Mrs. Leah Bornstein* found that the best solution was to redirect their energy. “They need to let it out.” Whenever possible, unless the weather was absolutely awful, she shipped them outside. In her tiny backyard, she installed the largest trampoline she could find, and that was a great energy absorber, too! I can hear that. Somehow the games take on a more predictable form, such as Tag or Hide-and-Seek, when they’re outdoors — a reasonable option when the weather’s okay and the hour is decent.
Does it ever end?
Mrs. Chava Justman’s* nine boys are all grown, and they STILL get physical when they get together. “There’s all that very hearty back-slapping, elbowing and mock-kicks. Even though today it’s friendly (unlike when they were little, when it was often vicious), I find myself muttering the same lines as when they were young: ‘Stop it! Someone’s going to get hurt.’ Of course, it’s no more effective now than it was then. It’s just part of their male culture. It’s how they show love.” The more I explore this topic, the more it appears to be one of those (very many) places where a mother’s intuition needs to be on high alert.
As Mrs. Chaya Tauber,* a mother and grandmother to a whole gang of boys who also has some background in behaviorism, says, “There isn’t one right or wrong way. You need to keep your eye on it. If someone’s getting hurt, it’s getting out of hand and has to stop.”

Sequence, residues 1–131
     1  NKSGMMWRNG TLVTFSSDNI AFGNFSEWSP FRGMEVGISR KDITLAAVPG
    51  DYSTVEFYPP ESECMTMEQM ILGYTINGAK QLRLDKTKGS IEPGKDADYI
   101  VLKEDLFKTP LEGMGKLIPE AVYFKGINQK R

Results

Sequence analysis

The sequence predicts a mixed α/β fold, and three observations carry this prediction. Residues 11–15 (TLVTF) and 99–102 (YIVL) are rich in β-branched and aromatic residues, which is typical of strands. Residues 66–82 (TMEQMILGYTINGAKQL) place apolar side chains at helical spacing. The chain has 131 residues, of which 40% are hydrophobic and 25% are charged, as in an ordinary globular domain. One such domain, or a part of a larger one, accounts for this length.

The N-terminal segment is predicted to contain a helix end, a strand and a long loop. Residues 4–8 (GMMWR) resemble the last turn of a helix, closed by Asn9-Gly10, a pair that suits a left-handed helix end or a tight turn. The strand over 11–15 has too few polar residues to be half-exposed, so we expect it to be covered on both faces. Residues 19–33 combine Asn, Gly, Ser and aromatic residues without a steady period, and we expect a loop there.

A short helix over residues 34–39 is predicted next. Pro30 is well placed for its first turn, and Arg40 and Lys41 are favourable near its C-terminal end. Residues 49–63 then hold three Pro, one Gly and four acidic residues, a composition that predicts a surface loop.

In addition, she advises mothers to look at the big picture. “Roughhousing is part of being a boy, but it’s not for all the time. The question is, can they also sit and play quiet games? Mine can. On the one hand, they play Horsie and Wrestling and Indians. On the other hand, they play puzzles and chess and monopoly. If a child consistently seeks rough play, the parents need to explore why the child craves this. They should find appropriate help so they can introduce replacement behaviors instead of having to say ‘no’ and ‘don’t’ all the time.”
What would a professional say? For that, I turned to Bashi Gruber, BCBA, clinical supervisor in Brainbuilders in Lakewood.
“Like so many of our parenting dilemmas, it is a matter of style and what you (and your house) can tolerate. If the noise and roughness don’t bother you and your house is boy-proofed to your satisfaction, then by all means let them rough it out. But if every loud noise sends you into a panic regarding your children’s safety and the state of your worldly goods, then you need to make some rules. “Regardless of which approach you take, some guidelines are universal. “If a rough interaction evolves into an aggression, particularly if one child is significantly older or stronger, then standing on the sidelines is not a healthy response. If a child is getting beaten up, he needs to know that his parents will step in and save him.
“Children do have a need to engage in physical activity. This can be done through organized sports, or through regular play in the park or backyard. For the rest of the time, keep enjoyable activities accessible at home.
“Consistency is key. If you have a rule of no ball playing in the house, but sometimes ignore your children as they toss a ball back and forth, they will likely ignore the rule. However, if each time the ball is brought inside you immediately remove it, the message will sink in.”
Plenty to think about, as soon as I get my growling son out of that bear costume … or not?